The median income for a household in the city was $34,863, and the median income for a family was $40,514. Males had a median income of $30,674 versus $22,760 for females. The per capita income for the city was $17,890. About 11.1% of families and 13.6% of the population were below the poverty line, including 18.6% of those under age 18 and 9.0% of those age 65 or over.
The government consists of a mayor and a city council. The mayor is elected in a citywide vote. The city council consists of nine members—six are elected from individual districts, while three are elected at-large.
Tim Neese [R]
Common Council 
1st District: Dr. Richard Lewis Shively [R]
2nd District: Brian A. Thomas [R]
3rd District: David E. Henke [R]
4th District: Dwight Fish [D]
5th District: Brent Curry [D]
6th District: Pam Kurpgeweit [R]
At-Large Councilwoman: Mary M. Olson [R]
At-Large Councilman: Brian Dickerson [R]
At-Large Councilman: Adam Bujalski [R]
Due to its proximity to the South Bend metropolitan area, the commercial sectors of the city are small. The city's main shopping mall is the Concord Mall, located on the city's south side. A second shopping mall, Pierre Moran Mall, was torn down in 2006 for a new development called Woodland Crossing. Many residents prefer to shop and dine in neighboring Mishawaka due to that city's larger selection of stores and restaurants.
Elkhart is best known for two industries: recreational vehicles and musical instruments. It has been referenced as the "RV Capital of the World" and the "Band Instrument Capital of the World" for decades. Other notable industries in Elkhart include; pharmaceuticals, electronic components, manufactured housing and mobile homes. Numerous manufacturers of musical instruments and accessories, of which most of the surviving companies have been absorbed into the Conn-Selmer conglomerate, have a long history in the city. Elkhart is also home to the Robert Young Rail Yards, which are the second-largest freight classification yards in the world.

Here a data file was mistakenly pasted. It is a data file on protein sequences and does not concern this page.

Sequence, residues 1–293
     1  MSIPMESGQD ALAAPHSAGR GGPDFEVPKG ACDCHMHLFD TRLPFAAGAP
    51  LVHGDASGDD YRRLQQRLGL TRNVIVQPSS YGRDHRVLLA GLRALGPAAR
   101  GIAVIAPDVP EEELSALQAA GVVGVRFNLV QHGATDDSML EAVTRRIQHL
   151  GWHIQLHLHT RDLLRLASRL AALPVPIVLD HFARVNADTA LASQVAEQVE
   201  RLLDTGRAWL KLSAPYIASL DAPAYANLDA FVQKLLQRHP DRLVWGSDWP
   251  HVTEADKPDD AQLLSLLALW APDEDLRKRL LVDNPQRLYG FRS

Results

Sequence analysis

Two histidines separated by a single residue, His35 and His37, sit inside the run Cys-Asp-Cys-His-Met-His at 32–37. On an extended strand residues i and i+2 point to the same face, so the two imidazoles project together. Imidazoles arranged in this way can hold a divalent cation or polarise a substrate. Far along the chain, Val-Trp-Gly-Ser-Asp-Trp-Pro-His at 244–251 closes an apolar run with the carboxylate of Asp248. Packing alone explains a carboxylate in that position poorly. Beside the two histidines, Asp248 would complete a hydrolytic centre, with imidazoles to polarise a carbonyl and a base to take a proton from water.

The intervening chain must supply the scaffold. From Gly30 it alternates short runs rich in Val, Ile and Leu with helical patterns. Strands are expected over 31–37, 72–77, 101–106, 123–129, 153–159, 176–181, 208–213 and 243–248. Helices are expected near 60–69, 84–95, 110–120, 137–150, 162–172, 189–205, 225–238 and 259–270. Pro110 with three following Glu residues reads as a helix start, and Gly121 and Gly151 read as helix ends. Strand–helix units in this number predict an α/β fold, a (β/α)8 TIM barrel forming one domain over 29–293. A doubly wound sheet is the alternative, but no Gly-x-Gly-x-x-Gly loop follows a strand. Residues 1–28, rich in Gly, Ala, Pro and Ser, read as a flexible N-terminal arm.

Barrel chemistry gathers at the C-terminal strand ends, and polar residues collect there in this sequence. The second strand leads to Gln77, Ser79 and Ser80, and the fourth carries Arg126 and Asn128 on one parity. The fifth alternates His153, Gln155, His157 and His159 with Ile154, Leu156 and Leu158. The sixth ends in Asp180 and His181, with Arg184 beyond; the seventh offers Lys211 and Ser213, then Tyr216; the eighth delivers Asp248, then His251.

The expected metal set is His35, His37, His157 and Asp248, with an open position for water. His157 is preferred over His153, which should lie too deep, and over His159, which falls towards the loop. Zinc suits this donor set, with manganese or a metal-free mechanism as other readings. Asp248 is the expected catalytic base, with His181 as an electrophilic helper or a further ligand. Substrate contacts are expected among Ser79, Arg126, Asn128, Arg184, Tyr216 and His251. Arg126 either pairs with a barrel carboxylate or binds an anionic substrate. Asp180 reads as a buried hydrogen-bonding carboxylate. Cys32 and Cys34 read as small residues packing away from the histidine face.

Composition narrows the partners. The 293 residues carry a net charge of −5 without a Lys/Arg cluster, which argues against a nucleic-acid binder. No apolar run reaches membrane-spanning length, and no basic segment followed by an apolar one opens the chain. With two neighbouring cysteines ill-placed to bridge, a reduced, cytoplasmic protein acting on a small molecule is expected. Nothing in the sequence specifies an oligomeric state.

In 1884, Dr. Franklin Miles launched the Miles Medical Co. in Elkhart, which in later decades produced products such as Alka-Seltzer and Flintstones Vitamins. In 1979, the Miles Medical Co. was purchased by the German company Bayer, and was consolidated into the larger Pittsburgh-based Bayer, Inc. by 1995. In 1999, Bayer Consumer Care moved out of Elkhart. By 2006, Bayer had pulled all manufacturing out of Elkhart. Most of the facilities were torn down while just a few buildings remained, mostly unused.
Elkhart is home to many Recreational vehicle (RV) manufacturers, boat manufacturers, and van conversion companies, including Bennington Marine, Forest River Inc Hy-Line, Keystone, Skyline, Sun Valley, Travel Supreme, Thor Motor Coach, and many other manufacturers, including Gulf Stream, and Jayco, can be found nearby in Goshen, Middlebury, Nappanee and Wakarusa.